My point should be obvious by now. I fear that our American culture’s offense at Christianity’s scandal of particularity and resulting pressure for Christians (especially in public spaces) to abandon the name of Jesus is having a deleterious effect on Christians even in Christian spaces.

So let me bring hit home. If a national television network (for example) invited me to create and star in a Christian-oriented reality show series about…whatever…but with the proviso that neither I nor anyone else on the show could mention Jesus by name I would decline. I have declined to pray at public meetings (e.g., city council meetings) when told I could not pray “in the name of Jesus.” Jesus-less Christianity is not authentic Christianity. And its rise among Christians is evidence of cultural capitulation.

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  • Jakeithus

    You are totally correct about mainstream television and movies being more reluctant to talk about Jesus. It is certainly a deliberate effort to limit his mention, because Jesus is offensive in a way God is not. I think Christians can too easily fall into the trap of supporting a “positive” message about God rather than the exclusive truth claim and message of sacrifice, submission and suffering found with Jesus. It’s probably why the religion for so much of North America is Moralistic Therapeutic Deism, rather than authentic Christianity.

    To your point about Duck Dynasty, I’ve never found anything particularly entertaining or theologically stimulating about the show itself. I have seen a number of the cast members speaking about Jesus and the gospel in intelligent and heartfelt ways, which is rare among mainstream media members. I’m not sure it crosses over to the show all that much however.

  • Bev Mitchell

    Just some notes jotted down while reading this post.

    “Many Christians, including evangelicals, are comfortable talking about God but not as comfortable talking about Jesus.” Even in church. Even in churches where the hymns are full of Jesus, the dialogue tends to mention him far less often. Sometimes it even seems we are more interested in the First Testament than in the Second. God is the man.

    “And I’m not sure it’s real Christianity if it avoids mentioning Jesus.” Agreed. It’s a dead give away that something else is intervening. A poorly thought out version of inclusiveness, a theology that sees a God behind Jesus – or even a God behind the Father.

    God is just a word, as you say. When someone says, “I don’t believe in God” our first question/statement should be “Tell me what god you don’t believe in; chances are I don’t believe in that god either.” I said this a while back at church in a discussion on the fundamentals of the faith (Baptist version). The statement was met with a mix of nervous laughter and puzzled expressions.

    And, we can do what you do re insisting on praying in the name of Jesus without diminishing in any way other’s sincere desire to know God. The scandal of particularity is far less of a scandal with Jesus in the front row. While there is only one way to the Father, everyone is somewhere in relation to Christ. That’s what is so important about the centred set replacing the bounded set when thinking about who’s in and who’s out. We are all moving in some way with respect to the centre, Jesus.

  • Melissa

    yes- I like this. Don’t know if you’ve seen the uproar around Reza Aslan’s new book (and subsequent Fox interview)- I haven’t read it and am not sure if I will, but anyway, the uproar was due to the fact that he is Muslim. In a much more nuanced interview with Terry Gross of Fresh Air he mentioned that he left Christianity because he could never really understand the Trinity or believe in Jesus as divine- he just could not accept a divine human being. In a way, he (and many other Muslims I’ve talked with) recognizes and acknowledges the “scandal of particularity” more than many Christians (though in another way not, since he then compared the divinity of Jesus to the divinity- or more accurately semi divinity- of pagans such as the Roman emperor; to me the concepts are utterly different).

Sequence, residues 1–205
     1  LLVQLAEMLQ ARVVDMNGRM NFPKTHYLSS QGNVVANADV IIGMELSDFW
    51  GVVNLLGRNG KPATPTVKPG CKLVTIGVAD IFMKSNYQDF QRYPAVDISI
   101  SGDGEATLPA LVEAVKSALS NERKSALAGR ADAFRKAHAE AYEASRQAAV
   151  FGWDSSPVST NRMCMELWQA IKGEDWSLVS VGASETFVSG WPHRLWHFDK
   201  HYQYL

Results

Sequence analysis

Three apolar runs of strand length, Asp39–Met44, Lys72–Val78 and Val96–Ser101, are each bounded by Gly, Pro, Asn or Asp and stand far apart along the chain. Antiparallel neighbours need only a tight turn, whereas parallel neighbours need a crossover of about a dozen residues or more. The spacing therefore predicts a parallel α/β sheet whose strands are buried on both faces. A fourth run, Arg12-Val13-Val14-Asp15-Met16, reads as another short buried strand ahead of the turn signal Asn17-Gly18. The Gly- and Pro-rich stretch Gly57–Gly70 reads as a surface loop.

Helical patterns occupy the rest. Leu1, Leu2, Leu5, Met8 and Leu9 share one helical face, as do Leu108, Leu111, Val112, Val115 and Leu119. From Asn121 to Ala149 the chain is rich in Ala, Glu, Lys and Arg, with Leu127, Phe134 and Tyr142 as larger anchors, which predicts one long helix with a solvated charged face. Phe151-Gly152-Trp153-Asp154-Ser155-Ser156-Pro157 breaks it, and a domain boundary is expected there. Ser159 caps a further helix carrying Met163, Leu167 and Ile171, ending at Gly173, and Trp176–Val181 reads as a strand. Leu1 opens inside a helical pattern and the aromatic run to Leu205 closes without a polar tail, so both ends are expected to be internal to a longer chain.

• Todd

    I guess you didn’t watch the very end of any episode… there is always a prayer around a dinner table where Phil (the patriarch) finishes his prayer with, “in Jesus we pray. Amen.” I still think the point you make is valid though. If you research the show some more you will find that the Robertsons are much more Christian than the producers originally wanted. They also wanted more swearing and fighting which you won’t find in Duck Dynasty.

  • Don

    “But I’m not sure it’s real Christianity if it doesn’t offend some people some of the time. And I’m not sure it’s real Christianity if it avoids mentioning Jesus.” Don’t you mean “But I’m SURE it’s NOT real Christianity if it doesn’t offend some people some of the time. And I’m SURE it’s NOT real Christianity if it avoids mentioning Jesus.”?? The gospel is an offence to those who are perishing, is it not? The RSV puts Gal. 5/11: But if I, brethren, still preach circumcision, why am I still persecuted? In that case the stumbling block of the cross has been removed. And the NRSV does call it ” the offence of the gospel”. And if we are ashamed of Jesus does that not mean we will be judged ourselves? (And I am not saying that just because the name of Jesus is not spoken that we are therefore, ipso facto, ashamed…but that is ONE reason why we might avoid verbalizing the name of Jesus.)

    Your comment that civic functions have (at least occasionally) asked you to pray and not use the name of Jesus. Do they not see how that is an offence to us? If you ask someone, as a member of the clergy, to pray, is it not obvious that s/he will pray as a representative of that faith?

    I do agree with you, Roger, that “Christian-oriented” whatever does NOT represent Christianity at all if Jesus Christ is not included centrally and specifically. (At least, I think that you would agree with this!) As much as I enjoyed Touched By An Angel, I saw clearly that it did not represent Christianity, only some amorphous semi-Biblical divine being with “good family values”. I too have capitulated to the culture, though. I too need to change. May my Lord and Saviour (Canadian spelling, OK?) Jesus of Nazareth hear and answer. Amen.

  • Dr. Olson,

    Right on, brother. This is one of your best articles!